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Prime Minister Narendra Modi’s government will pay the “interest on interest” on loans of as much as 20 million rupees ($273,000) for the duration of the Reserve Bank of India-authorized repayment holiday that ended on Aug. 31, according to an affidavit filed by the Ministry of Finance in the Supreme Court on Friday.

Groups of borrowers, including industry bodies for real estate and power producers, have approached the top court seeking a waiver on compounded interest and an extension of the repayment holiday.

Banks and home finance companies have been imposing charges on both the principal and the interest, which translated into repayment periods being extended by more than six months.

Relief Measures

The waiver comes after the Supreme Court asked the Modi administration to assess the impact of the coronavirus pandemic on the economy and come up with proposals for relief measures.

The Reserve Bank of India has taken a number of unprecedented steps to help borrowers facing a cash crunch after the world’s strictest lockdown shuttered businesses and left millions jobless. The moratorium, however, allowed lenders to impose additional interest over the repayment holiday. Subsequently, the RBI allowed banks to restructure loans without having to classify them as non-performing for the next two years.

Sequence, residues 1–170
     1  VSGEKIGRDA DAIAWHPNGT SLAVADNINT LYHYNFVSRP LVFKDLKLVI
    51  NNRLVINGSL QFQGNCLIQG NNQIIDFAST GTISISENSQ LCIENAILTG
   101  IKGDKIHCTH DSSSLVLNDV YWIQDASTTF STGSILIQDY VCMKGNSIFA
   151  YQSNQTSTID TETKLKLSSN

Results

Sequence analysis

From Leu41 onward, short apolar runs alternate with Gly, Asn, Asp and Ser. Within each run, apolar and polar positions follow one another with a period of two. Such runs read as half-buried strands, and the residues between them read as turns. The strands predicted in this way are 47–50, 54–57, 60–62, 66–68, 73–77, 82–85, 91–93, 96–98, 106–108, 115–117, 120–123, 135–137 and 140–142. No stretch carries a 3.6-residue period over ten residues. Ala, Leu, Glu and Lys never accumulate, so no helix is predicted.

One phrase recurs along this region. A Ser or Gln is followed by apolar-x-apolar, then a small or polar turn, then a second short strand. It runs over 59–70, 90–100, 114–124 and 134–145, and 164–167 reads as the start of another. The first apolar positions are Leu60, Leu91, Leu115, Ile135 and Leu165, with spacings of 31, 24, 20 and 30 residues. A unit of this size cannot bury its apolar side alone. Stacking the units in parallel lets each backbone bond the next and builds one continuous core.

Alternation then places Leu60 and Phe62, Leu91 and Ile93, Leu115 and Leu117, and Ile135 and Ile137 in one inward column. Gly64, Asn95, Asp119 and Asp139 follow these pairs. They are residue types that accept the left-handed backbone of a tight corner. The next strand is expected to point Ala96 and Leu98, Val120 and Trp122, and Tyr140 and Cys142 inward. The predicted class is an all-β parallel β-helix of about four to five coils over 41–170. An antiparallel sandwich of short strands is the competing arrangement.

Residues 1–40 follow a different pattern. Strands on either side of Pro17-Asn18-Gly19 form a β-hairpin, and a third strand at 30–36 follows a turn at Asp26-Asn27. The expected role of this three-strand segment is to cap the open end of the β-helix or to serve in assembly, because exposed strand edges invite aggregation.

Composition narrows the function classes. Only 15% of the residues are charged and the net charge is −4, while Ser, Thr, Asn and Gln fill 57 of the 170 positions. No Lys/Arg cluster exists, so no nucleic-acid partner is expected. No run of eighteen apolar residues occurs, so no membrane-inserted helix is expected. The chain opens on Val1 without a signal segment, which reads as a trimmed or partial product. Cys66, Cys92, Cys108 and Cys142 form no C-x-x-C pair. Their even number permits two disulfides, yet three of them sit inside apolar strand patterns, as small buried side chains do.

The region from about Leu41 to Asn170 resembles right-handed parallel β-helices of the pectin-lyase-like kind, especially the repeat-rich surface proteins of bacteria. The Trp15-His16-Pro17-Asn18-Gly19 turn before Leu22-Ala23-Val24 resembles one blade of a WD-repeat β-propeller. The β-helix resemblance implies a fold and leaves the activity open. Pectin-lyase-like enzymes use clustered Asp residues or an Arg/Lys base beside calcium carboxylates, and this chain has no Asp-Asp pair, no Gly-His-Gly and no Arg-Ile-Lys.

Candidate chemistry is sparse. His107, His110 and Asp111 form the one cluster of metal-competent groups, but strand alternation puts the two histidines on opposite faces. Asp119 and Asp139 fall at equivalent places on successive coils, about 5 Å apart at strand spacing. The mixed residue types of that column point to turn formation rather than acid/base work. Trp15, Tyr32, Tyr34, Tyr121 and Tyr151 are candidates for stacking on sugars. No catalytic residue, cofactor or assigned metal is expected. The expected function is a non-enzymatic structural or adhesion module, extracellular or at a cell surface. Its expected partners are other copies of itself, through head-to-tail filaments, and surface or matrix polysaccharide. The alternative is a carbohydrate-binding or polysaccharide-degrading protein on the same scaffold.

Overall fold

Read about debt relief panel adding to uncertainty bad loans

India’s main banking gauge was trading up 1.5% at 12:55 p.m. in Mumbai on Monday.

‘Hanging Sword’

The government’s decision to pay the compounded interest “comes as a relief,” said Abhimanyu Sofat, head of research at Mumbai-based IIFL Securities Ltd. The uncertainty on the issue was like a “hanging sword for lenders.”

Read: End of Loan Holiday Threatens Pain, Defaults for Indian Business

Banks will have to forgo 6 trillion rupees if interest on all loans are waived off, according to the government’s affidavit. That will wipe out a substantial part of lenders’ net worth and could raise questions on their survival, it said.

India’s banks — already weakened by a two-year-old shadow lending crisis — are seeking more guidance from the regulator on how to battle one of the world’s worst bad loan ratios.

Read: India’s